Once Jessica has figured out where the plants go, they’re put in pots on the benches or shunted to the lines and the line workers. The line workers plant baskets and large pots. First, Rosendo loads the hoppers with the grow media. It’s then fed to the various lines where Debbie sits on her perch loading the pot/basket du jour into the machine. The machine fills the pot with soil and then shoots it out where Susan and Araceli quickly plant the plugs into the pot. The pot travels a little farther down the conveyor, where Rick or Salvador is waiting to load them onto racks. If it’s a basket, the extra step of adding a hanger is met by Soledad and Bob whose deft hands fly from basket to basket, snapping the hangers into place before Rick or Salvador load them up. Once they’re loaded, Ty or Katelin or some other strong-backed young person (including myself) drives the loaded pots to their resting place in a quonset or the greenhouse, unloads them, and drives back for the next load. Like a finely tuned Swiss watch, each part meshes seamlessly with the next and the lines quickly tick over, cranking out thousands of pots a day.
After a few weeks of tender loving care by yours truly or one of the other growers, it’s time to pinch and pack the pots up onto the trucks. The truckers are part of the process, too.
There’s Cody, who helps hang baskets (Thank you, Cody.) when there isn’t a load to run. There’s Mark, who works on Jeeps in his spare time. There’s also Tony, whom nobody is really sure if he’s a handyman or a trucker, because he does both.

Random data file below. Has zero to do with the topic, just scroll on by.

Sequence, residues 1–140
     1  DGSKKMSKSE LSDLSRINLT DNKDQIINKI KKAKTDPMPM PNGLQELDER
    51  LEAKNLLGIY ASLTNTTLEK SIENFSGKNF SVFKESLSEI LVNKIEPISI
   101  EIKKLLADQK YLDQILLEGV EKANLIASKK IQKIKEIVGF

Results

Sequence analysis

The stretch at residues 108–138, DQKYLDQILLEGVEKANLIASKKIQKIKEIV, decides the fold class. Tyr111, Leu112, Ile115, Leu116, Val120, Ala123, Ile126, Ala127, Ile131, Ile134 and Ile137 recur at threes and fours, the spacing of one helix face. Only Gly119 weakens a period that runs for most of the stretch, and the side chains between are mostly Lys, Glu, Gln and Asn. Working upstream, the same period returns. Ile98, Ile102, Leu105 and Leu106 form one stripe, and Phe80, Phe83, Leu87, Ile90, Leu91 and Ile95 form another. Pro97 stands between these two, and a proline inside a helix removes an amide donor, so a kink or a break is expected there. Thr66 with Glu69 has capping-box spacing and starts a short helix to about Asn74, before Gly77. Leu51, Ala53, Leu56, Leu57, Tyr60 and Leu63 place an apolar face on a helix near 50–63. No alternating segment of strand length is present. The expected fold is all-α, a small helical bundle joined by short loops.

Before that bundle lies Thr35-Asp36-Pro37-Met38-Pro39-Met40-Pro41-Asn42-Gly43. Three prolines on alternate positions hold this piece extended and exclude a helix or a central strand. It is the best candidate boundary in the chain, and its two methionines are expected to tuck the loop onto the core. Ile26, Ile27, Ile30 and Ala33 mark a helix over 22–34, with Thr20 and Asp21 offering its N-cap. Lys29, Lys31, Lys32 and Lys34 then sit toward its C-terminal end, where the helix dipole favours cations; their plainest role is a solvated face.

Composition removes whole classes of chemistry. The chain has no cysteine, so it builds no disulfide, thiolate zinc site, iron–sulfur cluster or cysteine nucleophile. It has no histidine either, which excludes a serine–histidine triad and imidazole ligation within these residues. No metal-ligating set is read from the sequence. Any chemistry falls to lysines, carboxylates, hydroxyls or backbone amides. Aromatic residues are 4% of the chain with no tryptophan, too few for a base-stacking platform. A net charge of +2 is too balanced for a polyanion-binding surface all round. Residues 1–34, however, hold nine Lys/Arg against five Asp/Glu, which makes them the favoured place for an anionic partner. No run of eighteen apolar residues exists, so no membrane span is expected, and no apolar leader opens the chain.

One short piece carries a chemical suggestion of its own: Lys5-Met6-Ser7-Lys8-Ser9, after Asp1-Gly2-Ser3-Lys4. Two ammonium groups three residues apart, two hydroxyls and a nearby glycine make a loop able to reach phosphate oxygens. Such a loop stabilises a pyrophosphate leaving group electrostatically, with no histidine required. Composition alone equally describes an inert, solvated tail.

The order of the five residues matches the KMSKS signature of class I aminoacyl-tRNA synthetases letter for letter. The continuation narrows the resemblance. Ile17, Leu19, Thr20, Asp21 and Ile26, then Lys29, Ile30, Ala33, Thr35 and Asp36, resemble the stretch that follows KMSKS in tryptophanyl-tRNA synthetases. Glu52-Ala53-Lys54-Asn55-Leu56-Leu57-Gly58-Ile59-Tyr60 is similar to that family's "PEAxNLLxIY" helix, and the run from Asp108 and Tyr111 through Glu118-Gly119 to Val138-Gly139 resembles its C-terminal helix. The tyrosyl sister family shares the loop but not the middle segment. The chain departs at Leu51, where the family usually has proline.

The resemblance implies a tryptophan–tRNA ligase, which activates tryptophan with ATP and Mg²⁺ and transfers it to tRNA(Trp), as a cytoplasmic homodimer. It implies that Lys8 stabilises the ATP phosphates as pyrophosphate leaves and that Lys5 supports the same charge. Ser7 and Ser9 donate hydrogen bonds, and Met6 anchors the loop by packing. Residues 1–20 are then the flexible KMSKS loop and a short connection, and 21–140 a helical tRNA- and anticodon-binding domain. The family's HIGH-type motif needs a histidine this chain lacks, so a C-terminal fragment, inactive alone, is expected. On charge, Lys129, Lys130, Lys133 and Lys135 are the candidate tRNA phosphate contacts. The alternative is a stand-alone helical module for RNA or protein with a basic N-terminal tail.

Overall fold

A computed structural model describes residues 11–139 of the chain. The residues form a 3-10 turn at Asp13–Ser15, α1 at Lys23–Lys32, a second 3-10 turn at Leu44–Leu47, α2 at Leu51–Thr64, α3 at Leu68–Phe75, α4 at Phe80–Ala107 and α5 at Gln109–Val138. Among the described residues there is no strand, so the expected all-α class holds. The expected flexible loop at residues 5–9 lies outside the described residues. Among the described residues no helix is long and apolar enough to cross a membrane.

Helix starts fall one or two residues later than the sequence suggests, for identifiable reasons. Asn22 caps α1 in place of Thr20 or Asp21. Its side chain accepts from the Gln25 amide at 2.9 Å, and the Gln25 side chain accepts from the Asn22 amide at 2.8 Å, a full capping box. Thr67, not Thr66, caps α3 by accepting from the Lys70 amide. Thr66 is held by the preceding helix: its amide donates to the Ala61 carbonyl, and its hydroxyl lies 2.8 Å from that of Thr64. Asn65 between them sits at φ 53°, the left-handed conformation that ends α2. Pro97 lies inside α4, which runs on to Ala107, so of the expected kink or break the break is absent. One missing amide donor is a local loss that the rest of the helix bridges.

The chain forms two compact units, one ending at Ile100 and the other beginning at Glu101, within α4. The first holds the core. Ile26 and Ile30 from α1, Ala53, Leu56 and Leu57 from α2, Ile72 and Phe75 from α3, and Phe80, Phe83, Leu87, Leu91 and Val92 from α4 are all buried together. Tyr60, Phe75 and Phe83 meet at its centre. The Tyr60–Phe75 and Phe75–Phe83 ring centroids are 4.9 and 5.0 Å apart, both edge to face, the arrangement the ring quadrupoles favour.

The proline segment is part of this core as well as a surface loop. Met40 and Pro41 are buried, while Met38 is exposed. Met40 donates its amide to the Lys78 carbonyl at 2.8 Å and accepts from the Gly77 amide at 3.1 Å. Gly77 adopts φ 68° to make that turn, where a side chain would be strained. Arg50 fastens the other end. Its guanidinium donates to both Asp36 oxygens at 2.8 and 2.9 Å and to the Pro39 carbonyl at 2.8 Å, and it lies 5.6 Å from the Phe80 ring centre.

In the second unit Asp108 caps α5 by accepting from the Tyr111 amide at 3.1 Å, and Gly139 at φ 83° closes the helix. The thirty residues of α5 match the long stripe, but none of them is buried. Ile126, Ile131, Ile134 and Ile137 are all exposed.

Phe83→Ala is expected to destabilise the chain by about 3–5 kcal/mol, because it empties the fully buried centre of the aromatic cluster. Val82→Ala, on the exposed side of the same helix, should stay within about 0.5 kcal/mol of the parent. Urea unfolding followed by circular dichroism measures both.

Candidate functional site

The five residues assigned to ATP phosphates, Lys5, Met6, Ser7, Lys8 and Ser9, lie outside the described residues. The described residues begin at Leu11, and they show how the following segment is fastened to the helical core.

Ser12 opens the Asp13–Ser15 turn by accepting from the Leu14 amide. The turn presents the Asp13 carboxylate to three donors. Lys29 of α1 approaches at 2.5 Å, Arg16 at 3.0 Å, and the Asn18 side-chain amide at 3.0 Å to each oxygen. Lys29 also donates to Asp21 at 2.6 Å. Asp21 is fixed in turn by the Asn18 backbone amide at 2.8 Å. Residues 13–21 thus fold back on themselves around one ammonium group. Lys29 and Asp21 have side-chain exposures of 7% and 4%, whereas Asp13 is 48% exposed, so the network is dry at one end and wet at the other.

Speaking of handymen, this greenhouse wouldn’t run without them. From fixing pipes to jerry-rigging heaters in the middle of January so the ranunculus don’t freeze, they do it all. They also have the fun job of going swimming in the cistern when you drop something in. (Sorry, Mike.)
That is a brief smattering of the people behind your favorite annuals. Time fails me to tell about Sharon, AKA Edward Scissorhands, the best petunia pincher out there, Tito—who knows far more than he lets on—or even about Mocha and Daisy, the resident mousers and furry moral officers who make their daily rounds at lunch.
But after the trucker unloads your plants at your local nursery, our job ends. It’s a lot of hard and fast work to get those plants to market, but somehow we do it every day. From the grower in the back of the greenhouse to the high-school kid unloading racks in a quonset, there are many, many faces behind each flower, a person filling each pot.
Please remember that the next time you buy a potted plant. I know that from now on, I always will. ❖
This article was published originally in 2023, in GreenPrints Issue #137.